Co-op buildings tend to have a community atmosphere, since they work together to elect the Board of Directors that run the building. This board interviews all prospective owners, protecting the other tenants by allowing only qualified candidates to buy into the corporation. As a result, many co-op boards require a large down payment. Some buildings don’t allow any financing at all. Typically, they expect that the buyer’s salary is at least four times their housing expenses (maintenance and mortgage). They may want to see a certain amount of liquid assets available after closing. Your broker should be able to tell you about the building’s financial requirements. Co-op buildings may also have strict policies regarding subletting. They also may require a “flip tax” to cover the expenses of approving new share owners.

In order to buy a co-op apartment, you will have to submit an application to the board and attend an interview before you can close on the sale. The application and interview can be time-consuming and intrusive. You may have to be flexible about your move-in date, because it may be hard to predict how long the board approval process will take.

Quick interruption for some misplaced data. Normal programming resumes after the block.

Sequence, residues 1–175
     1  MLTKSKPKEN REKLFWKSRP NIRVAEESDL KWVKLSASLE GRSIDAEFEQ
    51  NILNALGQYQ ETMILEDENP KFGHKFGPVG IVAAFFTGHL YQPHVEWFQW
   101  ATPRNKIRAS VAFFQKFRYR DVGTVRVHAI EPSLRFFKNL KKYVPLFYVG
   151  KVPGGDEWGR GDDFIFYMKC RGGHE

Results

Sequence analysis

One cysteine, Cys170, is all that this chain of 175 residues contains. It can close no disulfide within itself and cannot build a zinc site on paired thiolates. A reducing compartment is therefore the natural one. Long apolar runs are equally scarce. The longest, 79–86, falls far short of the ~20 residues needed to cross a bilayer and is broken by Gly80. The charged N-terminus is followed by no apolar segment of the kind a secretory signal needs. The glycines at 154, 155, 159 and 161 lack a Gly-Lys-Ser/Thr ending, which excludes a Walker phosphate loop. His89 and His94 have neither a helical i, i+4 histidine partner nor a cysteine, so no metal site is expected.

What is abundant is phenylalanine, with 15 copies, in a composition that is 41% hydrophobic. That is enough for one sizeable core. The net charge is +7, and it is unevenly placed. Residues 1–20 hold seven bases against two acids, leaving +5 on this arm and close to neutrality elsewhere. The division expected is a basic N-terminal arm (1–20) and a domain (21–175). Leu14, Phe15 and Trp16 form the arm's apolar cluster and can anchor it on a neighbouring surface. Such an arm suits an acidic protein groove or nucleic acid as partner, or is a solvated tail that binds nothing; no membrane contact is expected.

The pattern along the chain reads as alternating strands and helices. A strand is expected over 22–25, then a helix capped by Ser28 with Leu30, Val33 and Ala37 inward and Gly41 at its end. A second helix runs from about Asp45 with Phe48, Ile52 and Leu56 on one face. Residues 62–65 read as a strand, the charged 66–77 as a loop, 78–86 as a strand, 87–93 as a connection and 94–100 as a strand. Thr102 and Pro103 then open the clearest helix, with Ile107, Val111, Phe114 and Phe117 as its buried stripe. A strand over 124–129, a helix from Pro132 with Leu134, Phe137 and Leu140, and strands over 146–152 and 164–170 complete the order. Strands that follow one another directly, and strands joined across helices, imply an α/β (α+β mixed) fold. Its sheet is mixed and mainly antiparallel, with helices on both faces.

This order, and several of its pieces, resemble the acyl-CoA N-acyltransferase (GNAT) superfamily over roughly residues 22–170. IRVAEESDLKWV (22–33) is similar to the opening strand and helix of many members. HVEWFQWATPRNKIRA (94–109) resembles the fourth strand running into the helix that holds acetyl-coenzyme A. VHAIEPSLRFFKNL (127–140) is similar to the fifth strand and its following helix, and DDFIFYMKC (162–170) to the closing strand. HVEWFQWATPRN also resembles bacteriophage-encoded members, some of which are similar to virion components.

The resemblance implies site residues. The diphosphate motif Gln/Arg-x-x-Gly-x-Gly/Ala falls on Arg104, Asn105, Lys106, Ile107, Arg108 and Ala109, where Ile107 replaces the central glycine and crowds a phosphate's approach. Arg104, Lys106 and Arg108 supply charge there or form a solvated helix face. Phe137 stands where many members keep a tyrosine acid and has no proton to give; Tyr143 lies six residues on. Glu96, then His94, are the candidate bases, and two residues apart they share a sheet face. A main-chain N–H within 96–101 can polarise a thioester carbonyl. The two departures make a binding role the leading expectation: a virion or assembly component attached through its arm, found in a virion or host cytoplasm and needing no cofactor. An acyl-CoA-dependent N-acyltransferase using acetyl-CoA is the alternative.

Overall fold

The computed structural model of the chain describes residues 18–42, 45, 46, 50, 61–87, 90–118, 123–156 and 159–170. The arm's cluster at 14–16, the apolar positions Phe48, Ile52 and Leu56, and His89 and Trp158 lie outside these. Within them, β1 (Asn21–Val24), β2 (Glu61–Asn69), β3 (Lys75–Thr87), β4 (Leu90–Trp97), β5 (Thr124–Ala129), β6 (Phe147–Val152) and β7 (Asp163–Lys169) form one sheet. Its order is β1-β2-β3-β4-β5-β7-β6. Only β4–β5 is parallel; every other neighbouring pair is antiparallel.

Are co-ops worth the hassle? Many New Yorkers think so. Numerous co-ops are gorgeous pre-war buildings with generous layouts and architectural details. They hold desirable locations near parks and transportation. Co-ops may have fantastic views and luxury amenities. Since most Manhattan buildings are co-ops, being able to own your dream home requires meeting the requirements of a co-op board.